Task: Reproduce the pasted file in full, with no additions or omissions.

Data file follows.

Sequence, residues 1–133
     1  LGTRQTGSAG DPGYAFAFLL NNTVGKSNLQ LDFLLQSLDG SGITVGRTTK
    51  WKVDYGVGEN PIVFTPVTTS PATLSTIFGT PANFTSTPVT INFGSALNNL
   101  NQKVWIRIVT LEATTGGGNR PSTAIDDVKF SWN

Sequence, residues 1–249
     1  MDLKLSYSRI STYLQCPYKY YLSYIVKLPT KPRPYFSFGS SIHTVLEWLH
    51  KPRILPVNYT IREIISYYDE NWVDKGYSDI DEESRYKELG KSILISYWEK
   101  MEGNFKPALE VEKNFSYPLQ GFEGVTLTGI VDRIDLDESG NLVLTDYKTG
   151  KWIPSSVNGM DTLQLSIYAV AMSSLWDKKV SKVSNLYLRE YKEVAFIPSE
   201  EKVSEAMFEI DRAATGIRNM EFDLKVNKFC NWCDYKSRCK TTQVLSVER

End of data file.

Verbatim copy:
Sequence, residues 1–133
     1  LGTRQTGSAG DPGYAFAFLL NNTVGKSNLQ LDFLLQSLDG SGITVGRTTK
    51  WKVDYGVGEN PIVFTPVTTS PATLSTIFGT PANFTSTPVT INFGSALNNL
   101  NQKVWIRIVT LEATTGGGNR PSTAIDDVKF SWN

Sequence, residues 1–249
     1  MDLKLSYSRI STYLQCPYKY YLSYIVKLPT KPRPYFSFGS SIHTVLEWLH
    51  KPRILPVNYT IREIISYYDE NWVDKGYSDI DEESRYKELG KSILISYWEK
   101  MEGNFKPALE VEKNFSYPLQ GFEGVTLTGI VDRIDLDESG NLVLTDYKTG
   151  KWIPSSVNGM DTLQLSIYAV AMSSLWDKKV SKVSNLYLRE YKEVAFIPSE
   201  EKVSEAMFEI DRAATGIRNM EFDLKVNKFC NWCDYKSRCK TTQVLSVER